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Denmark is a data-laboratory for Schneider Electric

Denmark’s growing position as a Northern European hub for data centres has prompted international energy company Schneider Electric to increase significantly its development on Danish soil.
Denmark is a fast-emerging player in the international data centre arena and consequently the physical infrastructure behind these centres is expanding rapidly. So far, the headlines have been dominated by the hyper-scale centres of Apple, Facebook and Google, but the next step is going to be a growth in the number of co-locations that will attract smaller organisations.

Global energy company Schneider Electric, which is is a leader in the field of digital transformation of energy management, has a dedicated Northern European development centre that focusses specifically on the data-centre sector.

The decision to locate the centre in Denmark was taken to be close to the growing data centre development and in order to be able to provide tailored solutions to the many new data centres being set up across the country.

Schneider Electric develops and supplies complete technology solutions to data centres. The company has over 200 employees at its R&D centre in Kolding, where customers can enjoy a physical tour of a data-centre showroom and can learn about the newest solutions and visions.

We’ve built up a competency centre that brings together the requisite knowledge and know-how and that contributes to promoting Denmark as an attractive location in Northern Europe. The advantage of such a setup is that customers can follow closely the development process from the very beginning, also when it comes to co-locations. This gives customers great peace of mind throughout the whole process. Our experts, who come from 16 different countries, also possess the right knowledge to be able to develop and shape the data centres of tomorrow.

Tina Schou, Country Sales Director Schneider Electric
According to Michael Pedersen, Development Director and Head of Schneider Electric’s Development Centre, there are a number of advantages of being located in Denmark – and being present at a local level allows Schneider Electric to play an active role in the overall development of the sector.

“All of the data-centre development we’re currently seeing is being driven by IoT and big data, both of which increasingly require companies to supply enormous amounts of data in real time with extremely low latency. To be able to do this, the data centres need to be located in close proximity to the users, and it’s this that has changed the strategies of the big players when it comes to choosing where to locate.”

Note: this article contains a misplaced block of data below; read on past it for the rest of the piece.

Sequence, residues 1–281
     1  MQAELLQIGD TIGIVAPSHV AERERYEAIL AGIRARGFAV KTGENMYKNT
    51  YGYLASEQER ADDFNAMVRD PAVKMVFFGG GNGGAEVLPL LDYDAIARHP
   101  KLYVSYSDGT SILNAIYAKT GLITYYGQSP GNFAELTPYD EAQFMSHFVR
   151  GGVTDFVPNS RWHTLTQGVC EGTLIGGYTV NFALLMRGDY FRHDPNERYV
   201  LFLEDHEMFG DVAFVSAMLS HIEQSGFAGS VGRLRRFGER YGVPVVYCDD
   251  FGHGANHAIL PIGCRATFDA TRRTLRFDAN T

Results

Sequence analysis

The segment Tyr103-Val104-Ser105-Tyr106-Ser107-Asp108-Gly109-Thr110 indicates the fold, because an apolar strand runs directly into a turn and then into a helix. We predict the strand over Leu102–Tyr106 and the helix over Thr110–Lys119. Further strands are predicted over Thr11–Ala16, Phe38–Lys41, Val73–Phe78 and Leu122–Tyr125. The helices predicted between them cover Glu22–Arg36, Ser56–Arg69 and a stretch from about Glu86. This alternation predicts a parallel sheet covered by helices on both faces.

The growing focus on ‘edge’ among the data centre operators and technology suppliers is only expected to increase over the coming years in line with an increasing number of devices being used and a critical need for lightning-fast data from, for example, self-driving cars. With the transition to a 5G network over the coming years, there is even more need for the structure and efficiency provided by data centres.

“The global players want tailor-made solutions and they’re able to invest on a scale that allows building something unique that works for the individual company. In cases that involve collaboration, we invite the stakeholders to take part in the project from the very earliest stages where our developers brainstorm and assist them in constructing and developing their data-centre solutions,” tells Kim Povlsen, VP for Digital Services & Software at Schneider Electric.

Because the optimal conditions are already in place in Denmark – a strong setup, green solutions and an attractive energy system – most of those involved in the sector expect the number of data centres, including the number of co-locations, being set up in Denmark to increase over the coming years.

Denmark is laying solid foundations that are not only well-structured but which also include suppliers who are capable of supporting data-centre development. At the same time, we’ve got some of the world’s most secure power supply infrastructure, which is both well developed and incorporates good levels of redundancy to ensure against supply failure. Furthermore, in Denmark we have exceptionally good opportunities for using green energy, primarily from wind. And it’s also possible to export surplus heat from the data centres to the local district heating systems, allowing the centres to give something back to both the local communities and to the environment.

Jørn Thorgård, Special Advisor Invest in Denmark

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